The Question of Poetry’s Nature Echoes in Ashmi Sheth’s Collection
Readers who despise the poetic execution of that iconoclast Rupi Kaur may feel their skin tingle with rancor as they read Ashmi Sheth’s 2019 poetry collection Silenced Echoed. Many of her pieces subsist on one or two lines and all of them are nameless. Although as the collection progresses, she does insert more playful forms and poems which are more expansive for the readers to chew on. Sheth is an artist as well as a poet; her willingness to play with words as if they were paint is evident. Her minuscule pieces may befuddle, even aggravate, but she defends her title as a poet when she sprinkles such glittering verses as these upon her canvas:
“I could see oodles of dreams /
shelled down against the rumbling floor – now buzzing /
like the bees trying to push out of the cork trap.”
Due to its effervescent nature, Ashmi Sheth’s work will force readers to consider what a poem is exactly. Must poets confine themselves to specific shapes and forms or line counts? Noted poet Kaveh Akbar clicked a twitter hurricane into being when he tweeted, “If someone hands me a bag of dirt and tells me it’s a poem, it gets to be a poem.” He argues that this is the case even if “…it might not be a poem that satisfies me intellectually or brings me any delight…” But just because a thing is a poem does it have value as a piece of poetry? One cannot help but think of New York modernist Paul Branca‘s art pieces which were thrown out by janitorial staff as they were mistaken for, as Gawker‘s Gabrielle Bluestone describes, “…garden-variety trash.“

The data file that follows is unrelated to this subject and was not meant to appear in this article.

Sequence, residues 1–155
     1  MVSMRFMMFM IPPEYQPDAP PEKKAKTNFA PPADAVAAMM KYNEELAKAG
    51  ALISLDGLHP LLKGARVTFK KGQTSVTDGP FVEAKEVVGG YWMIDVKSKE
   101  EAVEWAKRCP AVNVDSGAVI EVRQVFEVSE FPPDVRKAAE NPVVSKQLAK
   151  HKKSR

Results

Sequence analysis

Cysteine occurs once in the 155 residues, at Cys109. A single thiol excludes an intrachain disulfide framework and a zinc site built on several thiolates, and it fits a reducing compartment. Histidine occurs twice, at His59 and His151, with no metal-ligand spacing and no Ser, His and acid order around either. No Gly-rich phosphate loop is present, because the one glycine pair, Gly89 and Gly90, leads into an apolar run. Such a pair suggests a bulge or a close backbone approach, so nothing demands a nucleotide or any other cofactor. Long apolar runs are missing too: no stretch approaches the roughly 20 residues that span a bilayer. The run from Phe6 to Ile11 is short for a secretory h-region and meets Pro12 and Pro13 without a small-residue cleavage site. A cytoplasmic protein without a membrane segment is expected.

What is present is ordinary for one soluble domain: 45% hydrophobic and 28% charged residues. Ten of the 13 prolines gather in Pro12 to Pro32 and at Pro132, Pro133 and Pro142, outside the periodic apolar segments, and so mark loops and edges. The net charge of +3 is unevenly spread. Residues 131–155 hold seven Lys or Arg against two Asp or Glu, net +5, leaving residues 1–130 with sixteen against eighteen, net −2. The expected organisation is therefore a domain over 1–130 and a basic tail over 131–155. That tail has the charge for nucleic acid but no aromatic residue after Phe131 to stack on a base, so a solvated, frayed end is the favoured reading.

As luck will have it, Sheth makes her own stand in Silence Echoed. As if anticipating these critiques, the speaker, with a heart brimming over, responds, “If your eyes have enough compassion to see, / Every other eye sings poetry . . .”
Despite this impassioned reply, it does take some restraint to hold back a loud guffaw when the three words “spread a smile” sit rather unassumingly on an otherwise desolate page. Readers could very well be convinced that a fortune cookie was accidentally scanned into the book.
Sheth’s style can be frustrating, her work is perhaps over protracted, but there is still an irritatingly endearing quality fizzing through this collection. The attitude of the work is one of unencumbered self confidence. Sadness and heartache do accompany many of the pieces but that is the keyword – “accompany”. The speaker is never completely overtaken or drowning in sorrow. Sorrow happens to the speaker. The speaker doesn’t become Sorrow.
Silence Echoed, like “…the wave that rushes towards the shore…” plays along the edge of modern poetry’s horizon. “What is the value of a mere diamond to majestic sculpture anyway?” the speaker asks the readers. With named movements rather than named poems, Sheth uses her sculpture of poetry to disrupt the established order of things and while her style may not be appealing to all, it makes an impact. Which, it could be said, proves that it is indeed valuable as a collection of poetry and will not be thrown into the garbage unlike the work of poor Branca.
Interested in sponsoring a free review for a poet? Donate Here!
If you’re a poet who would like a free review, click here!